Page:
Article by : Marc Aupiais
The new "year" coming, after the "Pauline Year", is the "Year for Priests".
Quote: From V.I.S. Vatican Information Service: (additional paragraphing added)
"CLOSURE OF PAULINE YEAR, SOLEMNITY OF STS. PETER AND PAUL
VATICAN CITY, 23 JUN 2009 (VIS) - The Office of Liturgical Celebrations of the Supreme Pontiff has announced that at 6 p.m. on Sunday 28 June, in the Roman basilica of St. Paul's Outside-the-Walls, the Holy Father will preside at First Vespers of the Solemnity of Sts. Peter and Paul, Apostles, to mark the end of the Pauline Year.
In the Vatican Basilica at 9.30 a.m. on the day of the Solemnity, Monday 29 June, Benedict XVI will preside at the concelebration of the Eucharist with new metropolitan archbishops upon whom he will impose the pallium during the course of the ceremony.
(having quoted V.I.S. below is the context, and additional information involving facts of their message:)
OCL/VESPERS MASS/... VIS 090623 (120)"
Office of Liturgical Celebrations of the Supreme Pontiff: Vatican's Profile:
Day after this specific First Vespers is:
Solemnity of Sts. Peter and Paul, Apostles : c.f. liturgical article by Catholic Culture:
Note, in the Catholic liturgical Calendar, based on the Jewish Calendar: a day can be considered as starting the day before, when night begins.
Previous Pontifical speeches on the same First Vespers:
28 Jun 2007 ... CELEBRATION OF FIRST VESPERS OF THE SOLEMNITY OF THE HOLY APOSTLES PETER AND PAUL. HOMILY OF HIS HOLINESS BENEDICT XVI. Basilica of St Paul ...
28 Jun 2008 ... CELEBRATION OF FIRST VESPERS OF THE SOLEMNITY OF THE HOLY APOSTLES PETER AND PAUL FOR THE OPENING OF THE PAULINE YEAR. HOMILY OF HIS ...
"Character and significance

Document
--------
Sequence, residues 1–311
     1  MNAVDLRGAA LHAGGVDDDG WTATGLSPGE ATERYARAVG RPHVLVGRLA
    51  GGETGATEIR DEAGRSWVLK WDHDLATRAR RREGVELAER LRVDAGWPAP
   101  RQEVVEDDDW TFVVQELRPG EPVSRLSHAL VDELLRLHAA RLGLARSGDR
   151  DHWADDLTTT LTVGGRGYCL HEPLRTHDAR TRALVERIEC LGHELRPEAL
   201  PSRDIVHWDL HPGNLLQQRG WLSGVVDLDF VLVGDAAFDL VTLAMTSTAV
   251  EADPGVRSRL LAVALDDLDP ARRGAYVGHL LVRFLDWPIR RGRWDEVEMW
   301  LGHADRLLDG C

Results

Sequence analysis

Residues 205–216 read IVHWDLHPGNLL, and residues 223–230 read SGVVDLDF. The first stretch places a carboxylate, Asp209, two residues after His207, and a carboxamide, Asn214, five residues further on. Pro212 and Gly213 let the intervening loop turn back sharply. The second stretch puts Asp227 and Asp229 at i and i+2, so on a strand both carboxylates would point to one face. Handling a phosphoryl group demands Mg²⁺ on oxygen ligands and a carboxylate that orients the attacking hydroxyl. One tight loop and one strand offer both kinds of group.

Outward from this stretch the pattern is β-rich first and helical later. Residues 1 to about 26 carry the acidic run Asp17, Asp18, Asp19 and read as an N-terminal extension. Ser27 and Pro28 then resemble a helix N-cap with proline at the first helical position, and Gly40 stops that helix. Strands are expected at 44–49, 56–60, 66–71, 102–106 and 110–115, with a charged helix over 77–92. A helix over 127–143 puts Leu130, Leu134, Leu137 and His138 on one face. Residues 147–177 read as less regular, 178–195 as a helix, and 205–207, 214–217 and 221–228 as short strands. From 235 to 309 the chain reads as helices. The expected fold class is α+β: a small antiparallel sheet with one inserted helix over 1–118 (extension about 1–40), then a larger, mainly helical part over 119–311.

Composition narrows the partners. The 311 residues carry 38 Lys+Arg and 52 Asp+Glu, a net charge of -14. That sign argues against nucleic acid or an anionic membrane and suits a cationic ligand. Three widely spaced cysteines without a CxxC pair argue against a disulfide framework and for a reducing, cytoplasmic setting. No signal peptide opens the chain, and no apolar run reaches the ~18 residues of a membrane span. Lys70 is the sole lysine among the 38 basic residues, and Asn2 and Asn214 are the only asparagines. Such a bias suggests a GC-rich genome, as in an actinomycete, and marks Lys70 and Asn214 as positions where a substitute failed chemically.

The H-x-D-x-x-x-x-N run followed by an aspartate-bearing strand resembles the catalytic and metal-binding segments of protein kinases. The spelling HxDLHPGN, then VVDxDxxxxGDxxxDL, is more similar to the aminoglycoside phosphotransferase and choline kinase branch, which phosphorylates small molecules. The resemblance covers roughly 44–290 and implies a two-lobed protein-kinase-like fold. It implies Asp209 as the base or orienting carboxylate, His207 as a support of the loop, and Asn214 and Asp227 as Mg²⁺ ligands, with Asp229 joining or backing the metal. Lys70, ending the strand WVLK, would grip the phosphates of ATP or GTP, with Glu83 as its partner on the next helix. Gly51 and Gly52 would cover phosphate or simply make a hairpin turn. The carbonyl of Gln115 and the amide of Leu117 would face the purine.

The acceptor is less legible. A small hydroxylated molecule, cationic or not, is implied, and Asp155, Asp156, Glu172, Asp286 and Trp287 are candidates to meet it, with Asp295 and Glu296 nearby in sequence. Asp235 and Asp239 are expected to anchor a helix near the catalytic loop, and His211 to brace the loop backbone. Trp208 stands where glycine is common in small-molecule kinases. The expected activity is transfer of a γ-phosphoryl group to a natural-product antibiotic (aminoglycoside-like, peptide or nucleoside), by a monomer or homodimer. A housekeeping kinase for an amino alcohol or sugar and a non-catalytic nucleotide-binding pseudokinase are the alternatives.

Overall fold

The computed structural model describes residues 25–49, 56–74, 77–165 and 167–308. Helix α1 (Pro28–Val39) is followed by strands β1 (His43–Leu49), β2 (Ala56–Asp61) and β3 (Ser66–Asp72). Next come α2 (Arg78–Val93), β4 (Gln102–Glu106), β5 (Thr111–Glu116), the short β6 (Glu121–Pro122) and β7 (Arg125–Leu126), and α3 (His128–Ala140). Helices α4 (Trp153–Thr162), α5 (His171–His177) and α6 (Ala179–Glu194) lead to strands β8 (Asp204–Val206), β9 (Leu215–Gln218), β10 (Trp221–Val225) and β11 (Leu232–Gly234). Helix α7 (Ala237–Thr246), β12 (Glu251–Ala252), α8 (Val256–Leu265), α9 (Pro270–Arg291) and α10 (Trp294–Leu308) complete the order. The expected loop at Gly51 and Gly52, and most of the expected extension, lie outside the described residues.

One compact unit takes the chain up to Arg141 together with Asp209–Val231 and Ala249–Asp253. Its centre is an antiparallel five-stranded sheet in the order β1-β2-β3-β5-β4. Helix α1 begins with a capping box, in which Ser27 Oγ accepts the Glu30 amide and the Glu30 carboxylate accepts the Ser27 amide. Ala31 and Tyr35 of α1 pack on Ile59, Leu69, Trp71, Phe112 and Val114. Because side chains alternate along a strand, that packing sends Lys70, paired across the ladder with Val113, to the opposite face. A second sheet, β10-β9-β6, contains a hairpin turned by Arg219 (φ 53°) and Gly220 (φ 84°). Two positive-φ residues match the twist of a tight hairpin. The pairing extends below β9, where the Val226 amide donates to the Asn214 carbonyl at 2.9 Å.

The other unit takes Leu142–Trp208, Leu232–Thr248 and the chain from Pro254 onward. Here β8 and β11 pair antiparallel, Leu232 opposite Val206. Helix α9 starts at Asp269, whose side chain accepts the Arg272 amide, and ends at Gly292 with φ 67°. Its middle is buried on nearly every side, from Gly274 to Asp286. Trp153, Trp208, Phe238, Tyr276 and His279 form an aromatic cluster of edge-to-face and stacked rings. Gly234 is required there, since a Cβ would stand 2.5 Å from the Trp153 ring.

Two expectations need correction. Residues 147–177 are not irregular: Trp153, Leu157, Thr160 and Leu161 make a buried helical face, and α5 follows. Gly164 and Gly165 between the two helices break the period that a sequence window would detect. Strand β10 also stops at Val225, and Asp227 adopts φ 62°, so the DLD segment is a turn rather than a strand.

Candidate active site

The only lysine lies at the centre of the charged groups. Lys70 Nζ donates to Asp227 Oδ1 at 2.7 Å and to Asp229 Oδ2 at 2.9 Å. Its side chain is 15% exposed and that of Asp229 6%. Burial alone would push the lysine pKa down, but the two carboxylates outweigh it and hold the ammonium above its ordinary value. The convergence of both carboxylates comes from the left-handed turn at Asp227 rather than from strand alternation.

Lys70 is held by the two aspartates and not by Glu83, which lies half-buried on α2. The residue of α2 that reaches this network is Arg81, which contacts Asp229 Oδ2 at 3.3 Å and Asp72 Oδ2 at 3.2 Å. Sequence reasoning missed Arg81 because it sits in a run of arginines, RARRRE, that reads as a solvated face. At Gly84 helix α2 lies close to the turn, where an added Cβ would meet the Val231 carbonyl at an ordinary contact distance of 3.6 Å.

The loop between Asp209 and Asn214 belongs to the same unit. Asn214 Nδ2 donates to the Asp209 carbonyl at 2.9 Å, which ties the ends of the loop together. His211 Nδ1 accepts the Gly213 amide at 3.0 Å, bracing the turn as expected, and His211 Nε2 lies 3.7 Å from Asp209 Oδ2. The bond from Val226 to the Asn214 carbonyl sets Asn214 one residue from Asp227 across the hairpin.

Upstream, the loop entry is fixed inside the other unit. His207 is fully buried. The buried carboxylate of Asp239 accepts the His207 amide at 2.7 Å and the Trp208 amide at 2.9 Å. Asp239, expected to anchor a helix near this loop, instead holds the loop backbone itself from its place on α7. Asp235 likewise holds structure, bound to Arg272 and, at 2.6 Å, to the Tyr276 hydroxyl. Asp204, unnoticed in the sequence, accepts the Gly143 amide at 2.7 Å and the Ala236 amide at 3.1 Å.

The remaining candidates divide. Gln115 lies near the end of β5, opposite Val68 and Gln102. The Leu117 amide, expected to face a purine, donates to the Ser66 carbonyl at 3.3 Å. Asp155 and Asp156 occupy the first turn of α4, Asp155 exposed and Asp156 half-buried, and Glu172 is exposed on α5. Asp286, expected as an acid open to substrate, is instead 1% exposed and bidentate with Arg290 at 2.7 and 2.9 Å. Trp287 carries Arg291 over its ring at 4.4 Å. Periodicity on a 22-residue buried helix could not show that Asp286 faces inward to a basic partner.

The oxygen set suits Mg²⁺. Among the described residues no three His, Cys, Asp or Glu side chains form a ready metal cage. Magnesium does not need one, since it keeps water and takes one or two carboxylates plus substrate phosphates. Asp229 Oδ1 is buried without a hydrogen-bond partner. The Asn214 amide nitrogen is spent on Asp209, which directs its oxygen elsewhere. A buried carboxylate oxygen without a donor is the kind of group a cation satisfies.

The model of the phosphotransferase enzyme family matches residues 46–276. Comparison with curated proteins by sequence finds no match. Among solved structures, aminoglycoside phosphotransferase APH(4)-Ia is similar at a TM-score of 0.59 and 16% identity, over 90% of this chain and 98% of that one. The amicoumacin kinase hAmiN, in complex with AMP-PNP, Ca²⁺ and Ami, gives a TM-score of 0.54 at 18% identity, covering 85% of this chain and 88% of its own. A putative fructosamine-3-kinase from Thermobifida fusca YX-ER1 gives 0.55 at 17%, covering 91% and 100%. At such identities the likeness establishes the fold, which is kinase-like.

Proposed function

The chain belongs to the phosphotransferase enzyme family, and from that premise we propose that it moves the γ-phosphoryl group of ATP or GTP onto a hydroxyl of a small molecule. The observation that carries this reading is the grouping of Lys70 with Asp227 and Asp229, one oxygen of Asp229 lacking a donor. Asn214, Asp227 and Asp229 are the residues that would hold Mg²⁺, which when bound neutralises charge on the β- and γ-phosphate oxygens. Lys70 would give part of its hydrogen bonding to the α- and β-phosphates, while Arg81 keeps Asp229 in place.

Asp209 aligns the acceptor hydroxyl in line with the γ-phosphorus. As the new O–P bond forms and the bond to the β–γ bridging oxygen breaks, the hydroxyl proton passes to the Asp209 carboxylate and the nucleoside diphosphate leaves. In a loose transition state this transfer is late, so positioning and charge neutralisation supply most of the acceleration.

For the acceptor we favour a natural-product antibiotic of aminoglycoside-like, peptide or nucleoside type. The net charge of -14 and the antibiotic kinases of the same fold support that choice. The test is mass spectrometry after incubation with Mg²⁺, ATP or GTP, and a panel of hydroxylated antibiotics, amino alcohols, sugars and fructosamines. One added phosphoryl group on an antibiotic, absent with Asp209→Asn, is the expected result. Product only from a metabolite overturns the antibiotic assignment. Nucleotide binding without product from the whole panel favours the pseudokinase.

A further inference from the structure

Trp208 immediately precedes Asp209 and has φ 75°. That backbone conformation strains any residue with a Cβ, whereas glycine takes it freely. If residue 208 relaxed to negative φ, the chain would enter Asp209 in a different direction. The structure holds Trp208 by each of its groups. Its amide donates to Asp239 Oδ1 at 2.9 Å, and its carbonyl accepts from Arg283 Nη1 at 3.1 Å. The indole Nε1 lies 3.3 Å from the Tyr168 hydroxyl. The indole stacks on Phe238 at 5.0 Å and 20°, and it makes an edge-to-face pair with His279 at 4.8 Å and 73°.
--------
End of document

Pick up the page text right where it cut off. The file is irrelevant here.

As early as the sixth century the pallium was considered a liturgical vestment to be used only in the church, and indeed only during Mass, unless a special privilege determined otherwise. This is proved conclusively by the correspondence between Gregory the Great and John of Ravenna concerning the use of the pallium. The rules regulating the original use of the pallium cannot be determined with certainty but its use, even before the sixth century, seems to have had a definite liturgical character. From early times more or less extensive restrictions limited the use of the pallium to certain days. Its indiscriminate use, permitted to Hincmar of Reims by Leo IV (851) and to Bruno of Cologne by Agapetus II (954) was contrary to the general custom. In the tenth and eleventh centuries, just as today, the general rule was to limit the use of the pallium to a few festivals and some other extraordinary occasions. The symbolic character now attached to the pallium dates back to the time when it was made an obligation for all metropolitans to petition the Holy See for permission to use it. The evolution of this character was complete about the end of the eleventh century; thenceforth the pallium is always designated in the papal Bulls as the symbol of plenitudo pontificalis officii. In the sixth century the pallium was the symbol of the papal office and the papal power, and for this reason Pope Felix transmitted his pallium to his archdeacon, when, contrary to custom, he nominated him his successor. On the other hand, when used by metropolitans, the pallium originally signified simply union with the Apostolic See, and was the symbol of the ornaments of virtue which should adorn the life of the wearer."
Named so, as it was celebrated by Candle Light, it consists inter alia: of evening prayers:
"The Lucernal psalms were sung, after which followed the recitation of the supplication and commemorations or litanies, then the prayers, and finally the blessing and dismissal."
New Advent's Catholic Encyclopedia: Vespers
"The Vesper psalms, as well as the hymns and antiphons, are well calculated to edify the faithful. Lastly, the ancient custom of having a lection or reading from the Old, or from the New, Testament, or from the homilies of the Fathers, might well in certain cases and to a certain extent be re-adopted, or serve as the subject-matter for the sermon which is sometimes delivered at this service."
New Advent's Catholic Encyclopedia: Vespers
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